The modern Indian toran:Over time, the traditional toran has taken on several forms and there are more modern versions, however, before coming to the more contemporary versions, it would be interesting to comprehend a little more about the traditional aspects.
There are some colours that are most commonly seen in traditional torans and there are reasons why they are used:
- Green – A colour that reflects fertility, prosperity, happiness and peace, it is said that this colour helps stabilise emotional imbalances. It also represents Mother Nature and invites good fortune into your home.
- Red – Red is a colour of power and is also a symbol of marital bliss, which is why you will see red in the homes of newly married people. You will be able to find red colour based door toran online at eCraftIndia.
- Saffron – This is a colour that is considered extremely auspicious for Hindus and is said to symbolise generosity and purity.
- Yellow – Yellow is a colour that signifies growth, wisdom, harmony and also showcases the onset of spring. This is also one of the most commonly used colours for traditional torans.
In India, there is always some reason for celebration and festivity – if its not a festival, it could be an auspicious occasion at home, such as a pooja, an engagement or even a birthday. And no matter what the occasion, there will be a need to decorate the home, which is where the need for torans arises. By tying a toran on the front door of your home, you are not only creating a charming look, which will be extremely welcoming to anyone arriving at your home, it is also a symbol of everything auspicious.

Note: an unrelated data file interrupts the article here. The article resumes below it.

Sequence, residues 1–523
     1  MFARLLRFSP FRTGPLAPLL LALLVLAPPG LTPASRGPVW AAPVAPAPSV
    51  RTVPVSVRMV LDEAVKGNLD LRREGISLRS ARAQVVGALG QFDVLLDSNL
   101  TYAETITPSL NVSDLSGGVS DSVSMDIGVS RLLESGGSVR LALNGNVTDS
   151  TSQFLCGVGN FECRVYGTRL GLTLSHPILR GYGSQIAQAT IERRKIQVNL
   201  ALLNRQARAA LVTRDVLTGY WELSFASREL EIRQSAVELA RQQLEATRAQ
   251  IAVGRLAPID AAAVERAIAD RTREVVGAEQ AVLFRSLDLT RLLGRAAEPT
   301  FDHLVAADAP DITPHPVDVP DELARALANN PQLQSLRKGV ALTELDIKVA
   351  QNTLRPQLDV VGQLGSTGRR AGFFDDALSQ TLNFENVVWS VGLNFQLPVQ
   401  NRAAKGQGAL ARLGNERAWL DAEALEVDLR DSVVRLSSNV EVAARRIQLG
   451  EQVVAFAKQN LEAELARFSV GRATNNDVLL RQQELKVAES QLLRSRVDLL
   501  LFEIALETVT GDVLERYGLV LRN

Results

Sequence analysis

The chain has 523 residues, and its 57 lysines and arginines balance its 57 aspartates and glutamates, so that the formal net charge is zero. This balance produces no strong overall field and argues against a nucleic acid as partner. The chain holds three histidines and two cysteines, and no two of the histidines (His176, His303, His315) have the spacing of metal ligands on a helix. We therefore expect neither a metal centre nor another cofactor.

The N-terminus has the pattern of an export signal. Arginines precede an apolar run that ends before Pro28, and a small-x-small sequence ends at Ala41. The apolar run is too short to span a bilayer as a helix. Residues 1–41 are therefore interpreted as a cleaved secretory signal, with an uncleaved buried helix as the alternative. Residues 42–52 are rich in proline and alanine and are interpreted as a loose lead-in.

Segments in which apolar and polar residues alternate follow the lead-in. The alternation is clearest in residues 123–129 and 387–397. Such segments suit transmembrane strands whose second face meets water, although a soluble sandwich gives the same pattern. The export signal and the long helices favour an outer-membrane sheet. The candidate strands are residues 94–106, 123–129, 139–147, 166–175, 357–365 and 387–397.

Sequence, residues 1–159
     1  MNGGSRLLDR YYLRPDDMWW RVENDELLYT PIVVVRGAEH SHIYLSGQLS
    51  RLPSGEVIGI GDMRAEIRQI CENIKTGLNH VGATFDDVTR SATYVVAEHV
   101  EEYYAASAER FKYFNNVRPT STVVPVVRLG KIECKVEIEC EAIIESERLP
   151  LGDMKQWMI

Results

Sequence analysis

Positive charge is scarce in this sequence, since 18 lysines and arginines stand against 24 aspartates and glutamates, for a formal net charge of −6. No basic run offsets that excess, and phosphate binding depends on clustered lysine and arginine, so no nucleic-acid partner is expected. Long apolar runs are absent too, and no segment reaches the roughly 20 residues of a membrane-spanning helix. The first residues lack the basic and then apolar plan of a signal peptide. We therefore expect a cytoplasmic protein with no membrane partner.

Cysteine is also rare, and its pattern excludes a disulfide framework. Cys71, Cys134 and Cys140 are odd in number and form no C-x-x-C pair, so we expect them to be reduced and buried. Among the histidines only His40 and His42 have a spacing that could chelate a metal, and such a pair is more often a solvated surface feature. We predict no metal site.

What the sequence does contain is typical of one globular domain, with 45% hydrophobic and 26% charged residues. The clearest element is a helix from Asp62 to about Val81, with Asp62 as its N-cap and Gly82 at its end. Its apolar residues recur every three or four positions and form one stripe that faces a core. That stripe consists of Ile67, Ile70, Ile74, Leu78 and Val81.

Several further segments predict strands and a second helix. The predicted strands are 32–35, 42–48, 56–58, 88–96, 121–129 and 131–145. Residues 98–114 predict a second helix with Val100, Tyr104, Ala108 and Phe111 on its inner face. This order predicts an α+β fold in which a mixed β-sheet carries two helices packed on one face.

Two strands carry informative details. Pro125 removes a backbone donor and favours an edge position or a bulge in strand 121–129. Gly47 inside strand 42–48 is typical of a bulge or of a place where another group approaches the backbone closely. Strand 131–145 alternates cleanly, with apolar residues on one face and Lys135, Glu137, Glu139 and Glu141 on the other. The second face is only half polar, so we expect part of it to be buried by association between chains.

At eCraftIndia, you can choose from several types of torans and bandarwals – there are those with diyas and kalashes, which are perfect for festive occasions like Diwali and Dhanteras. Then there are bandarwals with floral patterns and festive buntings, which can be used for any special event or even when you just want the house to look great. From beads and pearls to ribbons and hangings, there are so many options to choose from and when you see the range, you will want to buy more than just one!
What is interesting is that you need not tie torans only on front doors – you can hang them anywhere in the house. To add some extra style to your home, hang torans on windows and doors of the rooms too and when you come to eCraftIndia, you will be able to find an extravagant range of options.
If you are looking to buy wall decor items online beyond torans, you should come to eCraftIndia, which is the display case for hundreds of talented local craftspeople and artisans. Whether you are looking to pick something that is completely traditional and will add an extra element of charm to your festive occasions or you want something that is totally unique and modern, there will be something that will capture your attention here.